In his new book, Philip Tabb, Texas A&M professor of architecture, explores the theory of “serene urbanism” and how he brought it to life as the master planner for Serenbe, an environmentally friendly development near Atlanta.
Environments created according to the principles of serene urbanism facilitate vibrant social interaction and contemplative spiritual reflection via the skillful and diverse pairing of urbanism and nature, said Thomas Barrie and Julio Bermudez in the foreword to Tabb’s book, “Serene Urbanism: A Biophilic Theory and Practice of Sustainable Placemaking.”
The theory offers holistic alternatives to traditional development practices and the most dependable means of securing a more hopeful and meaningful future, they said.
Tabb’s master plan for Serenbe features miles of nature trails connecting homes with farm-to-table restaurants, shops, art galleries and businesses in four hamlets, each focused on a theme — art, agriculture, health and education.
“Propositions of new urban models abound, but it is quite rare to find actual examples that test such speculations,” said Barrie and Bermudez. “Tabb also presents a seasoned and realistic set of tested urban strategies, elements, concepts and organizations.”
In his book, the author demonstrates an understanding that nature can enable architects and planners to create authentic, deeply rooted places, said Frederick Steiner, dean of the School of Design at the University of Pennsylvania. “This thoughtful, timely book bridges theory and practice and should interest those with a desire to better understand sustainable urban design and planning.”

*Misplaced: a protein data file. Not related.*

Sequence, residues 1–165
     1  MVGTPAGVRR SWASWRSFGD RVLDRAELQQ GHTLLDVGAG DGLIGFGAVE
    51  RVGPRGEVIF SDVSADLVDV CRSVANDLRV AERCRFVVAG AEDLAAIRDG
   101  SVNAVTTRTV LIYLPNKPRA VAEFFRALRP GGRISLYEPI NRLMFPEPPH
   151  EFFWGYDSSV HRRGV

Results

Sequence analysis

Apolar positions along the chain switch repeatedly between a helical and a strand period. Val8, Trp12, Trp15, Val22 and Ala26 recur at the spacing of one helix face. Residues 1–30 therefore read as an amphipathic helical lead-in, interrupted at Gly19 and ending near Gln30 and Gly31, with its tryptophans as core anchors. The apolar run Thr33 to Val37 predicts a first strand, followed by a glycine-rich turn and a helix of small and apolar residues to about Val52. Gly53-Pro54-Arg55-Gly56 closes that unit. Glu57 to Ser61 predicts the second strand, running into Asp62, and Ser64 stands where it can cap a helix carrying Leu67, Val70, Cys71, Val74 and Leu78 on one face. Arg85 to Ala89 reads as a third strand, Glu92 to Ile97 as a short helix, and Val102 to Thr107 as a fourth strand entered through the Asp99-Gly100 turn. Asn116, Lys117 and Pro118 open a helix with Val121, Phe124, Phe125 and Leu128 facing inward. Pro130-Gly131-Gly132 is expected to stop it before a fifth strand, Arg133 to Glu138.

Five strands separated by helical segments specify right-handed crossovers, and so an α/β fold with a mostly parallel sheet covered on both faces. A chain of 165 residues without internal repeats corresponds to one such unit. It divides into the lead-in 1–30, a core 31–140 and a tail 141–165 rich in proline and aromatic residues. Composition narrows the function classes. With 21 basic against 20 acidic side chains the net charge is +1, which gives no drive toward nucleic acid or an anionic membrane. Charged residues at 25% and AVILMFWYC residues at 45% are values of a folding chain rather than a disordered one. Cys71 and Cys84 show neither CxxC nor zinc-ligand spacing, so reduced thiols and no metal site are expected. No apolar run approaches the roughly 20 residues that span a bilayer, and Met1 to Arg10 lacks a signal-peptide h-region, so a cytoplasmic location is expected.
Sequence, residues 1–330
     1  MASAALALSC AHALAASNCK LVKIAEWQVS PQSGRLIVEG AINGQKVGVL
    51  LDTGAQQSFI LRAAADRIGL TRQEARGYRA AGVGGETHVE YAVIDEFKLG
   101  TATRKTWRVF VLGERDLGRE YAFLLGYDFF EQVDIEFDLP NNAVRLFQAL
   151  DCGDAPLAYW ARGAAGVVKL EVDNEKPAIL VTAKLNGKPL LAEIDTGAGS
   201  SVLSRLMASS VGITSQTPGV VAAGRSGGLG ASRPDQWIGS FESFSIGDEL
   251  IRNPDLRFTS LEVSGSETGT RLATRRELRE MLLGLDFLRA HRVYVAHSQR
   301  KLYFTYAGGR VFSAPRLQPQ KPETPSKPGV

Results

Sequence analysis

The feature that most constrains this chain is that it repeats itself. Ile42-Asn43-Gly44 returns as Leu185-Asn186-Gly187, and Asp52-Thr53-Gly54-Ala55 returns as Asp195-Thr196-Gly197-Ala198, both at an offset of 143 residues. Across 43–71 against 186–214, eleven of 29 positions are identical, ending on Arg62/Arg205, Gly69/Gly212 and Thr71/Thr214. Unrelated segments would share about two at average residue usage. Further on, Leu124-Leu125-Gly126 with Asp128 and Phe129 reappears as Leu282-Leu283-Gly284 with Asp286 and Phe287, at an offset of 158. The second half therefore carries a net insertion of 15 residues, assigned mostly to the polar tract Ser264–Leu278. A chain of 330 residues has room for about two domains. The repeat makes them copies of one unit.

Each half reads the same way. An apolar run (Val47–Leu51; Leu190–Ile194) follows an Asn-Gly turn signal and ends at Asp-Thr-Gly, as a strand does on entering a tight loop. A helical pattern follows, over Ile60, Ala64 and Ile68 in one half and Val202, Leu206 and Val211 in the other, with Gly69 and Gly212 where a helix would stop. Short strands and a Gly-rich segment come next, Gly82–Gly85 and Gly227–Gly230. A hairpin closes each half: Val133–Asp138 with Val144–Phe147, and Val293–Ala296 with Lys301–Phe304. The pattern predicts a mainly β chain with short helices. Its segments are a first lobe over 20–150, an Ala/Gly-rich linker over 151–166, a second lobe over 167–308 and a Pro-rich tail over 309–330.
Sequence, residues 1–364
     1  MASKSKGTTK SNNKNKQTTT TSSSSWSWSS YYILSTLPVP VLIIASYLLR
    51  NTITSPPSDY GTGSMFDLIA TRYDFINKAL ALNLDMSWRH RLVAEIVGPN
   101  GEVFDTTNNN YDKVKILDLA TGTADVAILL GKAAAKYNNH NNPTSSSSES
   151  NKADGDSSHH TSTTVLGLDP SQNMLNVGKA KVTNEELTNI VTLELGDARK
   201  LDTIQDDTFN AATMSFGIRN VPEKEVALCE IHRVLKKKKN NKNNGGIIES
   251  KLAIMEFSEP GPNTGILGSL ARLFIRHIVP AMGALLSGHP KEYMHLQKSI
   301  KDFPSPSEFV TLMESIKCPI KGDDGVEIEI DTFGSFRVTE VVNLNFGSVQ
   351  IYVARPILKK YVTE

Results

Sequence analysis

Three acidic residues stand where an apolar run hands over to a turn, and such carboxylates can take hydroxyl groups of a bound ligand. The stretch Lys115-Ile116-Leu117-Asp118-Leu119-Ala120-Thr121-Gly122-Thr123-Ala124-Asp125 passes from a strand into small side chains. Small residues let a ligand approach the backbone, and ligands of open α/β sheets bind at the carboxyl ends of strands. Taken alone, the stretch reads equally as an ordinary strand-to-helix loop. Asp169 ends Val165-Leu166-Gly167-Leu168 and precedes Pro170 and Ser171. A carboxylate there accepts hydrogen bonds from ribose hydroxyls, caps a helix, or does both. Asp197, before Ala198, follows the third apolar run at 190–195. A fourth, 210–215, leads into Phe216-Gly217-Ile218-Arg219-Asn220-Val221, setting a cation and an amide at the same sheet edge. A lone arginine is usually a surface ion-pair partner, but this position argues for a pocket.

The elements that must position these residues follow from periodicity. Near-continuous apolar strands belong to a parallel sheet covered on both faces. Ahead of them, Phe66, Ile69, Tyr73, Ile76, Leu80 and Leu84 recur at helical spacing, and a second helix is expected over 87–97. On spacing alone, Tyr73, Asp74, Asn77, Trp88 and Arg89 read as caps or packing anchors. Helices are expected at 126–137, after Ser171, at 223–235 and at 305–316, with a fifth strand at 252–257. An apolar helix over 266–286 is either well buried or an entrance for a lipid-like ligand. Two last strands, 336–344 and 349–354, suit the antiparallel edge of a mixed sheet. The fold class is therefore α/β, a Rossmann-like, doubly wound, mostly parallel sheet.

In his book, Tabb, holder of the Liz and Nelson Mitchell Professorship in Residential Design at the Texas A&M Department of Architecture, establishes a framework of serene urbanism through contemporary perspectives.
The idea of the serene, when combined with urbanism, he said, raises questions and implies contradictions that present challenges for designers and planners.
He also explores beneficial qualities of urbanism and serenity and relates them to sustainability, placemaking, environmental design and biophilia, a concept introduced by biologist Edward Wilson that suggests an instinctive bond between human beings and other living systems.
In his other publications, Tabb co-authored an analysis of “green” architecture from 1960-2010 and co-edited a book of essays challenging designers to consider spirituality as an everyday part of the world, rather than as an a concern primarily limited to the design of buildings for organized religion.